Boogiepop wa warawanai; a masterpiece
Erixon Erik Joachim | Stockholm, Sweden | 10/27/2001
(5 out of 5 stars)
"If you didn't like 'Serial Experiments Lain', I asume you'd back off reading I will compare these two. However, Boogiepop Phantom ("Boogiepop wa warawanai" in it's original japanese release) is so much more and in many ways also very different. The likeness to Lain inherits from the choice of subject which is pretty mature (even though Lain wasn't based on written short stories like BP) and the *tone* and feel of the series. Boogiepop makes you think. You _will_ watch the first four episodes over and over again. You simply have to till you get the connections between them. In short, all 12 eps take place at the same time, but you as the viewer take part of these events as seen from different angles. The subject is pretty 'adult' in ways and there are strong and uncomfortable scenes that can be pretty shocking. Even so, they are never out of place and the story would not benefit from their removal or alteration. The music and 'sound' of this series is a chapter of it's own. Since basically all dialogue is put through different filters, the sound setting adds a lot to the tension and suspense in each scene. The music there is (it's very much integrated in this 'sound setting') is basically drum'n bass and the opening/ending themes are great. I cannot recommend this series enough. Once you pick it up you will understand why, and I REALLY recommend you view the first four eps before deciding your opinion about this show. For the reader's reference I'd like to point out that I have based my review on the Japanese DVD-release."
So Now That You've Seen Lain...
djdreamshade | Fremont, NE United States | 05/20/2002
(5 out of 5 stars)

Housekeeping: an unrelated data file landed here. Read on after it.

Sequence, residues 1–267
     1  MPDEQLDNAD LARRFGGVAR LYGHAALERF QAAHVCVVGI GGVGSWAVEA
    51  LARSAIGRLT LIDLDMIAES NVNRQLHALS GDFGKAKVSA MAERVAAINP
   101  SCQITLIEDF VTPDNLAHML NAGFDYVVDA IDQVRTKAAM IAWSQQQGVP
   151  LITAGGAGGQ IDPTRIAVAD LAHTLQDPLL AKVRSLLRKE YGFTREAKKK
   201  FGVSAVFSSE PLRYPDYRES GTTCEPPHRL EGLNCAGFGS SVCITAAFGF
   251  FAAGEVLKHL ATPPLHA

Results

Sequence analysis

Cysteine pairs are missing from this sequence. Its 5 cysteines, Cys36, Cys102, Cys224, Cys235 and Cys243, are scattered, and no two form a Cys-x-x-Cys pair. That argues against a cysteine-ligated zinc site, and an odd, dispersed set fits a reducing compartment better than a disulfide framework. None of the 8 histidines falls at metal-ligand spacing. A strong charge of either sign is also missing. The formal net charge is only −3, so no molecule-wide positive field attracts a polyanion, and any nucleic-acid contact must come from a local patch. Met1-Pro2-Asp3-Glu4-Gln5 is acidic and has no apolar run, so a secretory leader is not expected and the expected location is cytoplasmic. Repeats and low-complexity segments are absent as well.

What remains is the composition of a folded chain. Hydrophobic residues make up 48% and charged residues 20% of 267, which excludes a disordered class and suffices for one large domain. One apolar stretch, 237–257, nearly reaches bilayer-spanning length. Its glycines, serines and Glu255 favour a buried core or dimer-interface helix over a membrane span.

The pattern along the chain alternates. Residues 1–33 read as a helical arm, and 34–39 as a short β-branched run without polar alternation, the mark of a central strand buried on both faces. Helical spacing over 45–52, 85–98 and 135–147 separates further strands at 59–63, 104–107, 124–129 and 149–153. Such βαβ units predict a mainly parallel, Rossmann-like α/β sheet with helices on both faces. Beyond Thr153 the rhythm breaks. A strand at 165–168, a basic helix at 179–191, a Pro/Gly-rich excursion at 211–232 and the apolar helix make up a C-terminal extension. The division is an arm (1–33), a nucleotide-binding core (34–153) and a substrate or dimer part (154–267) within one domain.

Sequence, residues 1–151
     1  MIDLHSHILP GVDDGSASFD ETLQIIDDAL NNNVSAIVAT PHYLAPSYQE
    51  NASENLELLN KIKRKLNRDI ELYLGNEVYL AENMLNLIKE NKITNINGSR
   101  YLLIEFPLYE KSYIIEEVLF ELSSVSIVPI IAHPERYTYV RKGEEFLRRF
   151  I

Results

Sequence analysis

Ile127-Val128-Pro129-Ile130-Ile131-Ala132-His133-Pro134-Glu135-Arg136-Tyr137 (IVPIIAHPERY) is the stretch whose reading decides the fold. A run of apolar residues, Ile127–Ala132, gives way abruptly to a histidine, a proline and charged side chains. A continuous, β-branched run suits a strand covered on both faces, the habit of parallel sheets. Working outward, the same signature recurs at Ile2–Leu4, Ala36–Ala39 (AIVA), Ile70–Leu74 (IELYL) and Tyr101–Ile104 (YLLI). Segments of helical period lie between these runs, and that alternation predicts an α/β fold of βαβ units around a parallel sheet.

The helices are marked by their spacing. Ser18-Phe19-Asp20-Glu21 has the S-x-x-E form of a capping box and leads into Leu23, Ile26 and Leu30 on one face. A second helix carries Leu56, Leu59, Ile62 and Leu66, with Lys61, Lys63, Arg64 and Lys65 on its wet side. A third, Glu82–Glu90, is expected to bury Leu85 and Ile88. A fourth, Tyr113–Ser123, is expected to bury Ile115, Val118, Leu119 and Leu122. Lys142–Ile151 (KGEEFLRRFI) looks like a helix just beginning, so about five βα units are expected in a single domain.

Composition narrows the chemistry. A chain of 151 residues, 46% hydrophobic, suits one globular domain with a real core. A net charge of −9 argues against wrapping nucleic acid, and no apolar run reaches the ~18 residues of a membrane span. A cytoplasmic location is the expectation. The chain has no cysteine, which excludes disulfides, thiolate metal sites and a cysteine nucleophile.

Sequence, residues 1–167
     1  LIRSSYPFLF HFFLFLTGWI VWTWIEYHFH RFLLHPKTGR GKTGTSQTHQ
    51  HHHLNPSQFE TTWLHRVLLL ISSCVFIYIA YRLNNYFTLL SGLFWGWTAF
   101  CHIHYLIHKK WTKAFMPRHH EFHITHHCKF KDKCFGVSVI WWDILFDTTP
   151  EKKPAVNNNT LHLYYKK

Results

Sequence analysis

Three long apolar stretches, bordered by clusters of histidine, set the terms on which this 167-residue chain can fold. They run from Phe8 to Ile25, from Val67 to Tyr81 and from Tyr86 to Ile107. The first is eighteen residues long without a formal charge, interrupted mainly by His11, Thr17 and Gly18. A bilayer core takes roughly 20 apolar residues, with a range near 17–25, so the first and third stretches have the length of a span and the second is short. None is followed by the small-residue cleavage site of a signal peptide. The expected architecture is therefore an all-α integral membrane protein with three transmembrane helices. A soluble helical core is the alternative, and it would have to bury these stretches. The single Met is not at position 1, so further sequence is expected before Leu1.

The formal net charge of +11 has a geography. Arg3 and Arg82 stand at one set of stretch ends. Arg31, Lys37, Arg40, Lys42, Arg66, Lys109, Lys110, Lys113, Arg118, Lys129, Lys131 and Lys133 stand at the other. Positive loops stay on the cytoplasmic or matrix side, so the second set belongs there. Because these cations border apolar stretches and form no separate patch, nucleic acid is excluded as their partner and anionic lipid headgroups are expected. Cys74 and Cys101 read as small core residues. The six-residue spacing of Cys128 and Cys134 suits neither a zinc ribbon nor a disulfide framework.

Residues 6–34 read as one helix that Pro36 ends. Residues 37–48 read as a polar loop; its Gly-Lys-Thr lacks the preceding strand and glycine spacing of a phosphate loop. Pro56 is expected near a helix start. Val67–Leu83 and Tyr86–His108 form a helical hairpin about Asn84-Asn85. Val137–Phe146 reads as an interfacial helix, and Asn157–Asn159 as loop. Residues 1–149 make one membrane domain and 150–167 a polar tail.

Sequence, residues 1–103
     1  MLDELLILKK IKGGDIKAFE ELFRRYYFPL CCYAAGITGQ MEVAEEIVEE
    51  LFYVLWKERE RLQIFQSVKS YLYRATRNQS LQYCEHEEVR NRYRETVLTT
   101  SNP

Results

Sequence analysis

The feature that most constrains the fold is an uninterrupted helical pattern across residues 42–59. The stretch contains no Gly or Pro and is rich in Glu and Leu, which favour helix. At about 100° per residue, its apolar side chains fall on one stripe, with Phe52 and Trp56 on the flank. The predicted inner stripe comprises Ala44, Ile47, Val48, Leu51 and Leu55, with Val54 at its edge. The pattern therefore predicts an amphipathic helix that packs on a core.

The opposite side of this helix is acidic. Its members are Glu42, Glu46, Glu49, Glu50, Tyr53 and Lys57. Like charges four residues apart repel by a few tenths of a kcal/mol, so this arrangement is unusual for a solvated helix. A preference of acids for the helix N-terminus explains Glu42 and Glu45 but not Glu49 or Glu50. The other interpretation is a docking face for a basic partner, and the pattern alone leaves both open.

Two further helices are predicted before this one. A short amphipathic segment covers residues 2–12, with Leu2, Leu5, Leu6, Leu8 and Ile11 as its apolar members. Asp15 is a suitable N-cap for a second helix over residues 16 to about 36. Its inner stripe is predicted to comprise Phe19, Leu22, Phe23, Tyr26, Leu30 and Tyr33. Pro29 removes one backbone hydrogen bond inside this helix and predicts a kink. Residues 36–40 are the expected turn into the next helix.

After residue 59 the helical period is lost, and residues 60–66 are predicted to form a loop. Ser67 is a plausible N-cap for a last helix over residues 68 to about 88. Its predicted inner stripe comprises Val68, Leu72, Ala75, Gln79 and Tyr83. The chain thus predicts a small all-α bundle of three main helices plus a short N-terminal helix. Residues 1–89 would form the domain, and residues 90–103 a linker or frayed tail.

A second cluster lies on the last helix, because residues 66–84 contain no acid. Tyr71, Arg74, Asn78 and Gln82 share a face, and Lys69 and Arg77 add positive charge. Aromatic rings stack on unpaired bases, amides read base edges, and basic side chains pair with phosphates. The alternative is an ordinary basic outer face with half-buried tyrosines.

"Obviously the first thing that comes to mind when watching this series is Serial Experiments: Lain. Once you've made one great dark eerie series about [messing] with the heads of the people watching the show, you want to do it again, right?Boogiepop follows a different format than Lain in the way the plot unfolds. You certainly don't need to watch most of the episodes in order. Each episode of BP is sort of self-contained. Each follows one specific character, and at the end of the episode, unlike the reluctant-to-give-information style of Lain, you have a wrap-up of the story that occurred in that episode. The next episode doesn't have much to do with the one you just saw. They all tie together in the end, but not as strongly as Lain. This also makes for a bit of an anticlimactic ending at the end of the series. The final episodes end in a similar way to the other episodes; The final scenes are not intensely dramatic. SE:Lain definetly had a more interesting ending. Despite having whole episodes devoted to each, the characters seemed a bit flat to me. They were developed, but they didn't seem to have much emotion. Although that could just be a side effect of the dark, stern nature of the show. But it makes up for it in creativity. The episode about the guy obsessed with hentai games was definetly my favorite. Then the woman with daily amnesia, that freaky girl with the butterflies, the self-fashioned superheroine Nagi, the enigmatic monsters Snake Eyes and Manticore, and the mysterious Boogiepop herself. You could say Lain's plot was "a little" like something else; BP is definetly a show all its own.Despite a few flaws, I have to give Boogiepop 5 stars. BP is all about suspense, about giving you the hints about what's going on but not quite telling you. I love that moment when it suddenly dawns on you, "That's who that guy in episode 3 was!" There's little second guessing in this series. Something interesting is happening, but you cannot explain it. CANNOT. Until it is explained to you. And even then, you may not understand, which gives the show even more meaning when you get to sit around and talk about what it meant with the others who saw it with you.There are so few good shows that really make you think; Boogiepop does it. Maybe not as well as Lain, IMHO, but... apples and oranges. Watch them both. Then watch your brain ooze out of your head in a pudding form."